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1 November 2004 Using landscape characteristics as prior information for Bayesian classification of yellow starthistle
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Yellow starthistle is an invasive plant of canyon grasslands in north-central Idaho. The distribution of yellow starthistle is associated with general landscape characteristics that include land use and specific terrain-related features such as elevation, slope, and aspect. Slope and aspect can be considered as indicators of plant community composition and distribution. Hence, these variables may be incorporated into prediction models to estimate the likelihood of yellow starthistle occurrence because plant communities differ in susceptibility to invasion. An empirically derived nonlinear model based on landscape characteristics has previously been developed to predict the likelihood of yellow starthistle occurrence in north-central Idaho. Although the model was used to predict the invasion potential of yellow starthistle into new areas, it could also be used as auxiliary data for classifying this weed species in remotely sensed imagery. To accomplish this, the predicted values from the model are regarded as prior information on the presence of yellow starthistle. A Bayesian image classification algorithm using this prior information is then applied to a corresponding set of remotely sensed data. This results in a map indicating the posterior probabilities of yellow starthistle occurrence given the landscape characteristics. This technique is demonstrated and is shown to reduce omissional error rates by 50% when the landscape characteristics are incorporated into the classification process.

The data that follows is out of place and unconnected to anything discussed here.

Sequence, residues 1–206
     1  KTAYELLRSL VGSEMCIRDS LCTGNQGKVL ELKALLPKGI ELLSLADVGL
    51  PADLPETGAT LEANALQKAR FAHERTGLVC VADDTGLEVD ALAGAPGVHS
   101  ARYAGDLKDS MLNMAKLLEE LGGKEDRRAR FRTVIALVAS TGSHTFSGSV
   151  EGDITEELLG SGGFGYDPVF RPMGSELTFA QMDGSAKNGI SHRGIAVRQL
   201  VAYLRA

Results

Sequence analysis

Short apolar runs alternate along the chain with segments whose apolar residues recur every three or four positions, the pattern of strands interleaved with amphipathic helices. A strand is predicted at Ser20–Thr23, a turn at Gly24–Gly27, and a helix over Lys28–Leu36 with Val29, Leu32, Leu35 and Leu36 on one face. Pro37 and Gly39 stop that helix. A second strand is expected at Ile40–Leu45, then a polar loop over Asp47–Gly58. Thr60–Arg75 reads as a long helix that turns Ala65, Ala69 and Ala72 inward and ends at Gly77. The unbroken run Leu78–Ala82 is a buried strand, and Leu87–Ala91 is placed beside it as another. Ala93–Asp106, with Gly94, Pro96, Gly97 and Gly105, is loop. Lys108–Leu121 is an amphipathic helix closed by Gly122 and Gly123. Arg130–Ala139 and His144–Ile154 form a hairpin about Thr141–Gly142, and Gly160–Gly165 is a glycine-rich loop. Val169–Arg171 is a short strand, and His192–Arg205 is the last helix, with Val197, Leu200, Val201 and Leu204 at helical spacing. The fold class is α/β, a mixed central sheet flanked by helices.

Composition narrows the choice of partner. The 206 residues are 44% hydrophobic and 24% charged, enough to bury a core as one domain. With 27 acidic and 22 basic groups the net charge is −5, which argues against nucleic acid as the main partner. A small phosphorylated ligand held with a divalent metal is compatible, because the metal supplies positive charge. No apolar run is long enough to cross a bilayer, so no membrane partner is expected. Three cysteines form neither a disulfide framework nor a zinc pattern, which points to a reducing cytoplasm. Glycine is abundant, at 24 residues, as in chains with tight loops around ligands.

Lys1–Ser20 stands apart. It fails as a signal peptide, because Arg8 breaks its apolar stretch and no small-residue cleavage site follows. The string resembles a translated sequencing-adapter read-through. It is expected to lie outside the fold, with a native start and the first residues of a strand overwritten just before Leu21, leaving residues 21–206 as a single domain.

Nomenclature: Yellow starthistle, Centaurea solstitialis L. CENSO.

Bahman Shafii, William J. Price, Timothy S. Prather, Lawrence W. Lass, and Donald C. Thill "Using landscape characteristics as prior information for Bayesian classification of yellow starthistle," Weed Science 52(6), 948-953, (1 November 2004).
Received: 24 February 2004; Accepted: 1 July 2004; Published: 1 November 2004

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